Fate of Tebuconazole in Polish Mineral Soils – Results of Simulations with FOCUS PELMO
Department of Chemistry, University of Life Sciences, Akademicka 13, 20-950 Lublin, Poland
Data publikacji: 02-12-2021
Autor do korespondencji
Marcin Maciej Siek   

Department of Chemistry, University of Life Sciences, Akademicka 13, 20-950 Lublin, Poland
J. Ecol. Eng. 2021; 22(11):131-141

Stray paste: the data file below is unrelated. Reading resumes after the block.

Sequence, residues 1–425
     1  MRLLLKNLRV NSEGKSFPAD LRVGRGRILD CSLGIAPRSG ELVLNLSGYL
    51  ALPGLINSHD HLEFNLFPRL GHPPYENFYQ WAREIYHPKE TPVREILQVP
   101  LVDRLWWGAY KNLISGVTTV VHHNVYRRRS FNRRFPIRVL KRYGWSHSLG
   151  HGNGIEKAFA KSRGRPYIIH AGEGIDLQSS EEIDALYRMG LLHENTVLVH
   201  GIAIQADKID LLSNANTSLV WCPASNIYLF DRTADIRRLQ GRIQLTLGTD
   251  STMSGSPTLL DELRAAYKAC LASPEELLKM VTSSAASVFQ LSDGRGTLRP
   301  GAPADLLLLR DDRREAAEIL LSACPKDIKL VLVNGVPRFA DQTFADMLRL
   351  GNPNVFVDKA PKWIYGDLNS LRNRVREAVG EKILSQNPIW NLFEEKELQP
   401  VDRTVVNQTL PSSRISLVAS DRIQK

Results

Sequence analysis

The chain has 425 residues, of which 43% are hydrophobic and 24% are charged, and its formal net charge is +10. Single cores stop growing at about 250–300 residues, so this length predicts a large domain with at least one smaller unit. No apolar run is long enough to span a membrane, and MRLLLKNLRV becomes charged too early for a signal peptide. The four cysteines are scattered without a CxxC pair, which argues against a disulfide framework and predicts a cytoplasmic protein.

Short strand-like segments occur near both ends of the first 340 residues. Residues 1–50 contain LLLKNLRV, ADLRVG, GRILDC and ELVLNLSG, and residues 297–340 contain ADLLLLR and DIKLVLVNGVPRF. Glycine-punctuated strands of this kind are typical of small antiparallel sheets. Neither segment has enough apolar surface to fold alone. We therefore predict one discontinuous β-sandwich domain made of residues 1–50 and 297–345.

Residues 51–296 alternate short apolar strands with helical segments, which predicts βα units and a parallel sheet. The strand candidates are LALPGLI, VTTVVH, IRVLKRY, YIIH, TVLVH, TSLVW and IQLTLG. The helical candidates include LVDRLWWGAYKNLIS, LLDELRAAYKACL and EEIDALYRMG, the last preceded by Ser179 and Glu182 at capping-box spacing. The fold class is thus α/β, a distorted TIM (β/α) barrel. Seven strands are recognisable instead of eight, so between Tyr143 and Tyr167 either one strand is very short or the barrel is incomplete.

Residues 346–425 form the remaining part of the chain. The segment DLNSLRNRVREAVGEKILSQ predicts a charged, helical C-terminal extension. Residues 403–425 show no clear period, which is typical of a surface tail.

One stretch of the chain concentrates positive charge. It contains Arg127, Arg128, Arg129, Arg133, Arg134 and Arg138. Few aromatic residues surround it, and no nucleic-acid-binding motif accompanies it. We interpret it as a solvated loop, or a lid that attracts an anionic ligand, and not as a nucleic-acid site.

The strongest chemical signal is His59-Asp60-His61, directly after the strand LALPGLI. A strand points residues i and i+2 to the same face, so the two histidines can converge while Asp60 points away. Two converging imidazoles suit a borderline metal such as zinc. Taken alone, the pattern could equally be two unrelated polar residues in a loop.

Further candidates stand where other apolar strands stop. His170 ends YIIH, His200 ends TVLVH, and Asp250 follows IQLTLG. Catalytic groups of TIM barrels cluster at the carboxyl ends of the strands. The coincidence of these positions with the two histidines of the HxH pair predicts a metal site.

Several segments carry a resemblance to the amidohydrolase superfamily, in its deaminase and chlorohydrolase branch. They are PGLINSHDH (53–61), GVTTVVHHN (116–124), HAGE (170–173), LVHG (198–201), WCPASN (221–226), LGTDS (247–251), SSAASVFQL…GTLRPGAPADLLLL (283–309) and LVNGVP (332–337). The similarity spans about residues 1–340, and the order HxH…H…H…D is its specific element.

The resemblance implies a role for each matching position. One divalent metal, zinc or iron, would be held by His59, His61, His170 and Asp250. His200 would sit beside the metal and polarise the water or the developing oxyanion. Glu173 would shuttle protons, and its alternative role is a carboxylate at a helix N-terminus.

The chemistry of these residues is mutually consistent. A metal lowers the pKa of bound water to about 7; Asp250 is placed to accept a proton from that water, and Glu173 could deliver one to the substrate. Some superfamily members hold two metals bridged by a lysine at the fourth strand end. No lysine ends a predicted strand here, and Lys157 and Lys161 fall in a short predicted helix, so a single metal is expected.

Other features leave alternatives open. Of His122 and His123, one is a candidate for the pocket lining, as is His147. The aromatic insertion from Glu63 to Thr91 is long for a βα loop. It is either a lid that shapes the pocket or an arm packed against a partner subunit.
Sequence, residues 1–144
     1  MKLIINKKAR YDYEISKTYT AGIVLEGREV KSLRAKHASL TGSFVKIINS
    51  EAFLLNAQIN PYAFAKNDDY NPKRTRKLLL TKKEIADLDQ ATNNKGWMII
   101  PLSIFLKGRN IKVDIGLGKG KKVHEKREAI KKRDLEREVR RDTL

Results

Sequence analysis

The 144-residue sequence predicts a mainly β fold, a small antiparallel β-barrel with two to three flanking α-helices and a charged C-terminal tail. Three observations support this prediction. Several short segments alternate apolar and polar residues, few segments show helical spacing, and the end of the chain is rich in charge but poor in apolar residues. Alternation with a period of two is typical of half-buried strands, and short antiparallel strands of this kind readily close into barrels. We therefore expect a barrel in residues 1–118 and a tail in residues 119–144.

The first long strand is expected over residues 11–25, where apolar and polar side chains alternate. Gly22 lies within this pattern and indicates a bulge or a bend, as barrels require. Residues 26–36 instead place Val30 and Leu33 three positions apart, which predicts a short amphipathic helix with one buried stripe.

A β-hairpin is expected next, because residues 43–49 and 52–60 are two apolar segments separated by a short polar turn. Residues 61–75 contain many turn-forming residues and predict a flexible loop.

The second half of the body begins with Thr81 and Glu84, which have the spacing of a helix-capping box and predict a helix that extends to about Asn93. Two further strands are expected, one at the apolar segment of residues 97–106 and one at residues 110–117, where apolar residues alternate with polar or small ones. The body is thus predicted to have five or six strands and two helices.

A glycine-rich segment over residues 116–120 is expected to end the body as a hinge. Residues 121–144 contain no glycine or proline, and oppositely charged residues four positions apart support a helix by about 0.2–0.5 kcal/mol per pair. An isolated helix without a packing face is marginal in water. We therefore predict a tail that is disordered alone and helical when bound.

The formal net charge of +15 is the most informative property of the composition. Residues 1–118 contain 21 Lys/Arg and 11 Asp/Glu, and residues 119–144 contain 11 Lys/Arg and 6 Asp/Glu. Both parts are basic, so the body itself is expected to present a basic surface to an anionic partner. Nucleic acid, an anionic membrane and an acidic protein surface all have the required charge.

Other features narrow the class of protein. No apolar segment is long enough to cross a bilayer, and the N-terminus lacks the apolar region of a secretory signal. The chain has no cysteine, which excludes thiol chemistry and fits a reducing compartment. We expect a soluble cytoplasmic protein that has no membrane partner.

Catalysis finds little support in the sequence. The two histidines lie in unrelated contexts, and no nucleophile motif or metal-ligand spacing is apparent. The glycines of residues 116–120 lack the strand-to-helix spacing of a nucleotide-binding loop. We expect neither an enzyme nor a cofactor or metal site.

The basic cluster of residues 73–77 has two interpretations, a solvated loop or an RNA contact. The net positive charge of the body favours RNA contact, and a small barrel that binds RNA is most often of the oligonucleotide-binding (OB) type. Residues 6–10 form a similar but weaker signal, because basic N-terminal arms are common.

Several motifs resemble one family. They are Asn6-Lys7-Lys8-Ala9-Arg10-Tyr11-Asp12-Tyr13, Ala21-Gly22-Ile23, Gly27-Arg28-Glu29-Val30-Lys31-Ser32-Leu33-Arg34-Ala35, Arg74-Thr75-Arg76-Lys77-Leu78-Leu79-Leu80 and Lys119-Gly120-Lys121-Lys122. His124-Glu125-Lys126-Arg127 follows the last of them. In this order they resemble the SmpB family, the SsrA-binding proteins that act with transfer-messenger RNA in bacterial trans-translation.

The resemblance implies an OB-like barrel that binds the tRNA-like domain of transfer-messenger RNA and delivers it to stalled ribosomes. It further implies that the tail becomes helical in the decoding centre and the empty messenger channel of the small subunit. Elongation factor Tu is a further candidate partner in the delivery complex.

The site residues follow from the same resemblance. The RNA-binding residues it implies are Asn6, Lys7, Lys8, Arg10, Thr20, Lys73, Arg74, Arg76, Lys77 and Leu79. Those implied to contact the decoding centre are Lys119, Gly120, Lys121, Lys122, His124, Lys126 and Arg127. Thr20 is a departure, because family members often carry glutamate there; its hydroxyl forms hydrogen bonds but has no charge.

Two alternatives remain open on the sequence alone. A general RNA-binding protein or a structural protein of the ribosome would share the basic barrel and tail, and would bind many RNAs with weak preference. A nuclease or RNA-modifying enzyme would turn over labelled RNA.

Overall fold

The degradation of tebuconazole in the majority of Polish mineral soils with low organic carbon content is slow, and its adsorption is especially low in subsoils. Therefore, the fate of tebuconazole in these soils cannot be predicted based on results of adsorption and degradation experiments carried out in typical soils of the European Union. For this reason, simulations of tebuconazole accumulation in Polish soils and its leaching to groundwater were carried out. The cultivation of winter cereals and winter oilseed rape was simulated using FOCUS PELMO in six Arenosol, Luvisol, and Chernozem profiles, representing 59% of Polish arable mineral soils. The simulations indicated that almost all fungicide that reached the soil surface was retained in the topsoil layer of 0–15 cm. The highest concentrations (range of 0.069–0.320 mg/kg) were estimated for the layer 0–5 cm. The results suggested that runoff can be the principal source of tebuconazole in surface water. It was found that the majority of tebuconazole that reached the soils was microbiologically degraded. However, in years with weather conditions that were unfavorable for degradation, up to 11% of tebuconazole that reached the soils remain undegraded. In addition to the accumulation of tebuconazole in the topsoils, the simulations indicated its very slow but constant penetration into the subsoils. The estimated concentrations of tebuconazole in percolate water were low: < 0.02 μg/L at the depth of 25 cm, < 0.002 μg/L at the depth of 75 cm, and trace concentrations at the depth of 1 m in one profile. The obtained results were consistent with results of monitoring studies available in literature.
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